BERKELEY (CBS 5) — A political feud between Berkeley Mayor Tom Bates and a rival city councilmember has turned into a grown-up game of musical chairs.
With all the issues facing the East Bay city’s government, the council voted Tuesday to change who is sitting next to whom inside council chambers. The proposal came at the recommendation of the mayor.
The proposal has become a political punch line. “A minute ago we were just standing here and this guy came up and he said, ‘Don’t sit next to me.’ Or, ‘Be careful where you sit.’ People say these things,” Councilmember Kriss Worthington told CBS 5.
Worthington said Bates wanted the new arrangement because he doesn’t like the councilmember’s policies, and there’s enough animosity that the mayor doesn’t even want to sit next to him during council meetings.
Until recently, Worthington sat next to the mayor. Starting in the next meeting, councilmember Laurie Capitielli has been designated the seat next to Bates, moving Worthington farther out.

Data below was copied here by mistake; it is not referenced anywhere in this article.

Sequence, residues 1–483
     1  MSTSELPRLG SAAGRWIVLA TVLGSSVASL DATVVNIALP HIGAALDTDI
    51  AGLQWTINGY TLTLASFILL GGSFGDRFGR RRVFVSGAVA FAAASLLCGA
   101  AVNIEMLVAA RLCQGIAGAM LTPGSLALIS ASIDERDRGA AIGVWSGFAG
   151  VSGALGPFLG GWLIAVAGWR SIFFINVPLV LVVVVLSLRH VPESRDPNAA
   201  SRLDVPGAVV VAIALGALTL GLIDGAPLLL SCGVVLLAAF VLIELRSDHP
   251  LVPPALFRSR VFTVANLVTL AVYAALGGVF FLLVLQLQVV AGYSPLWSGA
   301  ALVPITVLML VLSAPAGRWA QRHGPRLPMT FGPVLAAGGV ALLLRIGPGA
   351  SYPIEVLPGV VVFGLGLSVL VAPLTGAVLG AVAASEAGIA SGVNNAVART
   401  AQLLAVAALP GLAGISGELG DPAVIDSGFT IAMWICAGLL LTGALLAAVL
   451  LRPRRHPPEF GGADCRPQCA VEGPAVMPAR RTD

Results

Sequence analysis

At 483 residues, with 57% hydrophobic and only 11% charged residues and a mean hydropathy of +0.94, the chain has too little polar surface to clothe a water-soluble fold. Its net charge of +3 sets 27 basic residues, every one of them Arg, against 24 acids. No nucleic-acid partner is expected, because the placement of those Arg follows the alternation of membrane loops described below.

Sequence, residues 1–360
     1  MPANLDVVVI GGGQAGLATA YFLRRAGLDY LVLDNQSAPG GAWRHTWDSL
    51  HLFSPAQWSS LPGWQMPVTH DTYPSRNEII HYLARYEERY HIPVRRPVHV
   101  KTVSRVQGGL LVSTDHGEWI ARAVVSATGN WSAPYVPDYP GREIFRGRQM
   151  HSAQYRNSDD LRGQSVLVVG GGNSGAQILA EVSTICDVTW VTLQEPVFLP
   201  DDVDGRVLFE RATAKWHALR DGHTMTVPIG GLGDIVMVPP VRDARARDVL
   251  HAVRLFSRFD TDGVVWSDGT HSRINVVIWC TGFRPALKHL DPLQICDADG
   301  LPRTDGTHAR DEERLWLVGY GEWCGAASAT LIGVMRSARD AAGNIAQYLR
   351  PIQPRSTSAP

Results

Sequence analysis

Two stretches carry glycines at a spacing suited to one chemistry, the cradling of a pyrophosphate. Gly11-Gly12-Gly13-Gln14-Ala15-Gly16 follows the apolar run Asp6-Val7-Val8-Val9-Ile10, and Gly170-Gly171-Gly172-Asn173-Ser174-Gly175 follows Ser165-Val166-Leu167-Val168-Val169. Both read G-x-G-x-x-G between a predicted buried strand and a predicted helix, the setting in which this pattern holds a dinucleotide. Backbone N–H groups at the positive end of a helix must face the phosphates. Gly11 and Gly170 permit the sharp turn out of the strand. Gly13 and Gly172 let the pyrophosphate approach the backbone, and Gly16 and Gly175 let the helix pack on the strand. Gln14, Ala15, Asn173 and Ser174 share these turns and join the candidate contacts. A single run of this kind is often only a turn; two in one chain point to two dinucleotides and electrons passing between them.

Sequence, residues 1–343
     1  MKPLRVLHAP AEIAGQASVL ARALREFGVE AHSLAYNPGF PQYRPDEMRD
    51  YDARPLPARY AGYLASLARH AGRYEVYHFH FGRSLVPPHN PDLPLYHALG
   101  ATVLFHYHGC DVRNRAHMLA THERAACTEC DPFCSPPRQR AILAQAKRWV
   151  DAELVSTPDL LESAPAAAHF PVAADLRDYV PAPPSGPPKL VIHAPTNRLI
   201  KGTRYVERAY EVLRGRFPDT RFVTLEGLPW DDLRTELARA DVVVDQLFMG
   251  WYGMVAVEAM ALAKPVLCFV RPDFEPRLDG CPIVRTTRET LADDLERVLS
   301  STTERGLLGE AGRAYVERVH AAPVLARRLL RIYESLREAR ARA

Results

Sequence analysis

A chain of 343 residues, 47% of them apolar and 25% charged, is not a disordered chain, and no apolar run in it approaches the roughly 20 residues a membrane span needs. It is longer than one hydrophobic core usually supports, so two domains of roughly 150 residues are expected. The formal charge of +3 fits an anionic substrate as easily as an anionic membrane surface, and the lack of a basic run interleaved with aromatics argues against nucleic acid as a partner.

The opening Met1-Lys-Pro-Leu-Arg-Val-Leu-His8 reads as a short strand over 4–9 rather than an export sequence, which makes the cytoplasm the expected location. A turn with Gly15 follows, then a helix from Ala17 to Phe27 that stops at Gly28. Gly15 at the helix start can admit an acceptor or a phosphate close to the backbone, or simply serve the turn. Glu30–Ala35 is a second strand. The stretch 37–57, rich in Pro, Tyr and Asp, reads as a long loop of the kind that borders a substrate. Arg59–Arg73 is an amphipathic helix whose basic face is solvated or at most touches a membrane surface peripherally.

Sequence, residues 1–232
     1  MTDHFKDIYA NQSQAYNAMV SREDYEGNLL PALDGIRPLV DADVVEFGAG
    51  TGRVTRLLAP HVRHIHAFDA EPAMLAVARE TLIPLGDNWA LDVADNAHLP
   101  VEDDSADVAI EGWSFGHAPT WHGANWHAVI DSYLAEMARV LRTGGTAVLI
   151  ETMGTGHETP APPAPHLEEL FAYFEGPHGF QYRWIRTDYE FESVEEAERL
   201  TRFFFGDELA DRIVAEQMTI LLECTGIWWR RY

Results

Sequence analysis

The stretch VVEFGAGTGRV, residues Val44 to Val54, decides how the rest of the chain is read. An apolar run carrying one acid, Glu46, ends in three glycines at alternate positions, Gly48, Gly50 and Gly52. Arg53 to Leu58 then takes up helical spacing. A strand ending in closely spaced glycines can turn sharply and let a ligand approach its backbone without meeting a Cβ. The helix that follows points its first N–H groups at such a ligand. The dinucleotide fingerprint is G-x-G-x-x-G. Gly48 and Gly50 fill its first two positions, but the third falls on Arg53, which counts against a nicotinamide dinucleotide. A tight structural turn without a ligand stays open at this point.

“This is sort of a silly, petty, almost comical thing…On a serious level, it’s sort of emblematic of the kind of petty, personal, and political manipulations that can go on,” Worthington said.
Reaction to the proposal among people who live and work in Berkeley ranged from amusement to outrage.
“I think that’s completely crazy,” Berkeley resident Jenny Greenwood said, laughing.
Ali Hajighafouri , who works in Berkeley, said, “I guess amusing I suppose. Really, if someone is bothering you, I suppose why not get him away from you.”
“Totally ridiculous,” said Michael David Lazzeri, who works in Berkeley. “If it’s just political differences, that’s what those kinds of meetings are for.”
When asked if the change was petty, Bates said, “I say they’re wrong.”
Bates told CBS 5 the change was not meant to exile Worhtington.
“He ran against me for mayor, he got 22 percent of the vote, and we’ve had some friction,” Bates said. “I hope to work with him, but I just thought it was good to move, to have a little change, a little variety.”
On the website Berkeleyside, the mayor said the reason for moving Worthington farther away was, “So I don’t strangle him.”
“People suggesting directly, indirectly, jokingly or not, that violence would be appropriate is totally off the charts and inappropriate,” Worthington said.
Responding to his comments, Bates said, “It was a joke, it was a joke.”
Along with running for mayor, Worthington also opposed the mayor’s sit-and-lie ordinance on the November ballot. The measure was narrowly rejected by voters.
Capitelli, who will sit between Bates and Worthington at meetings, had no comment.
(Copyright 2012 by CBS San Francisco. All Rights Reserved. This material may not be published, broadcast, rewritten, or redistributed.)